An abandoned naval cemetery will be transformed into a peaceful, wildlife-filled respite under a proposal being pushed by the Brooklyn Greenway Initiative.
On Thursday, the group — which is creating a 14-mile bike path along the borough’s industrial waterfront — presented plans to make the Naval Hospital Cemetery in the Brooklyn Navy Yard along Williamsburg Street West into a public sanctuary.
“When you pass the area, you think, ‘Wow, that was bleak,’ ” said Milton Puryear, planning director for the initiative. “Now this can be a beautiful place to get relief from buildings and concrete.”
The 1.7-acre site between Kent and Flushing avenues once included a ball field and, as rumor has it, a training ground for police dogs. But for decades, it’s been a fenced-off eyesore and home for feral cats.
The plans will create an urban oasis, with an elevated boardwalk, greenhouse, outdoor theater and grove of black cherry trees.
A giant meadow of native grasses and wildflowers will lure butterflies, birds, bees and bats, and steel rectangles holding different species of plants will light up at night to symbolize the nearly 2,000 long-forgotten graves.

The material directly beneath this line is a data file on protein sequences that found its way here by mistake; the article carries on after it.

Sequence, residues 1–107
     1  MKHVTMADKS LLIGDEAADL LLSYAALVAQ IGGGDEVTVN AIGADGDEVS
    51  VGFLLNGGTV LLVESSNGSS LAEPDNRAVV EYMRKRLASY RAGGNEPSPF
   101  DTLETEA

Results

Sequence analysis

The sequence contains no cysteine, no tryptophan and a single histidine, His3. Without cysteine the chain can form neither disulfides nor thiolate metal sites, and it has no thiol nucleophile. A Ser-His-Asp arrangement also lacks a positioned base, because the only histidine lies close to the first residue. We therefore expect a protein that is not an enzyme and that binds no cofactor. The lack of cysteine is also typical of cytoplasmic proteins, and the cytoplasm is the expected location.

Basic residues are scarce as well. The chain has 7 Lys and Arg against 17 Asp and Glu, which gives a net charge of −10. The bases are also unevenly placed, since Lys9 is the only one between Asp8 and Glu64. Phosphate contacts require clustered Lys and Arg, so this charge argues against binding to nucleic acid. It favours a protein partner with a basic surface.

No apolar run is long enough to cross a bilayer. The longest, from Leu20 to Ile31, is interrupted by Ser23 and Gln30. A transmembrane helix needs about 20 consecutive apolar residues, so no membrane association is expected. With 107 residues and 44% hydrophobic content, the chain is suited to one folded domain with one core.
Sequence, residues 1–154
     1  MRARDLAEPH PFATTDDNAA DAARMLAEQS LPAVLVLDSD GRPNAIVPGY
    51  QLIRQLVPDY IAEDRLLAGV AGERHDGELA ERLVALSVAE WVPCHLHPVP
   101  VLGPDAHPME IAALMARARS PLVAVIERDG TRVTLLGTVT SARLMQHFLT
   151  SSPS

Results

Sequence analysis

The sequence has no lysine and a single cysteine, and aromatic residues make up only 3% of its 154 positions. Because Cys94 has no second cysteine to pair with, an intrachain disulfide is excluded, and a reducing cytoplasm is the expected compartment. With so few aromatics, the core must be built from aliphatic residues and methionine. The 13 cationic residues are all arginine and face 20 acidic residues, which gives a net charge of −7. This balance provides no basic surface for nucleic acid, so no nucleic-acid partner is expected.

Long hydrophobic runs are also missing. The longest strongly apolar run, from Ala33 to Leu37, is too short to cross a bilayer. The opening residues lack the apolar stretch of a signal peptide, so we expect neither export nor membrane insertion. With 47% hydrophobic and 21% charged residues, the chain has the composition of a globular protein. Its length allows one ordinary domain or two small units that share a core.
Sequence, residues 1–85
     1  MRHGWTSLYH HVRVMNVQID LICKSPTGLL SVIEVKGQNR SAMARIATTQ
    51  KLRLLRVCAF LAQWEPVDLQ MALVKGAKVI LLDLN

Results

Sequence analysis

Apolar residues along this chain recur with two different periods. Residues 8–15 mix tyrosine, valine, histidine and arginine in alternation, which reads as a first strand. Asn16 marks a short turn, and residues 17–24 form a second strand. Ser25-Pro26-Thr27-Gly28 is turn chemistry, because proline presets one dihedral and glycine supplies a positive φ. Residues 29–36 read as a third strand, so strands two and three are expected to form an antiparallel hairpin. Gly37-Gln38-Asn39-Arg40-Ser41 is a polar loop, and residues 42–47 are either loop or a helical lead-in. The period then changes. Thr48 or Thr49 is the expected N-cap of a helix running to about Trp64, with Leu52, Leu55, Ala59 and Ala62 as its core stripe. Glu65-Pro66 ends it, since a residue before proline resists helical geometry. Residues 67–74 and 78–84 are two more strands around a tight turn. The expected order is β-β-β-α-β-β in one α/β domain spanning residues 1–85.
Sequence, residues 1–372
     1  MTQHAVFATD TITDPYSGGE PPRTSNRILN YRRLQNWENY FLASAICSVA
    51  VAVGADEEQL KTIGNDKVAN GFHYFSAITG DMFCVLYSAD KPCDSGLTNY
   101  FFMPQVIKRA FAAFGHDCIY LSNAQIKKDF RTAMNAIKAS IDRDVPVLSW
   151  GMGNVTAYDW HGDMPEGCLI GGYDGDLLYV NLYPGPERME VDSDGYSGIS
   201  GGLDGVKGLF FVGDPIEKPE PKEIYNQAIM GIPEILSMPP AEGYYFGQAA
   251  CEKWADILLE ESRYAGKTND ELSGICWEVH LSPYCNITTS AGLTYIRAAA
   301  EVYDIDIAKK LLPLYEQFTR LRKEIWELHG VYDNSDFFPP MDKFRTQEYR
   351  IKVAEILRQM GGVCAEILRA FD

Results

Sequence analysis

In the 1820s, the Navy established the former farmland as a cemetery for sailors who died at the nearby Naval Hospital. Many of the remains were moved to Cypress Hills Cemetery in 1926.
But fragments of bone and coffin are still beneath the ground, making landscapers subject to a deed restriction that prevents soil disruption.
“It’s a site you can’t build on, so the question is: what’s the best use for it?” Puryear asked.
A landscape architecture firm created a design that memorializes the historic ground while stimulating ecological growth.
“It’s a place for reflection,” said co-designer Jennifer Brooks. “Bird watchers, nature lovers, students and families will find respite here. We’re treating it as sacred ground.”
The Greenway Initiative — which is currently plotting its bike path from Greenpoint to Bay Ridge — said the $2-million park could be built in 2013, if the Brooklyn Navy Yard Development Corporation can secure funding.Reach reporter Kate Briquelet at email@example.com or by calling (718) 260-2511.
©2011 Community News Group
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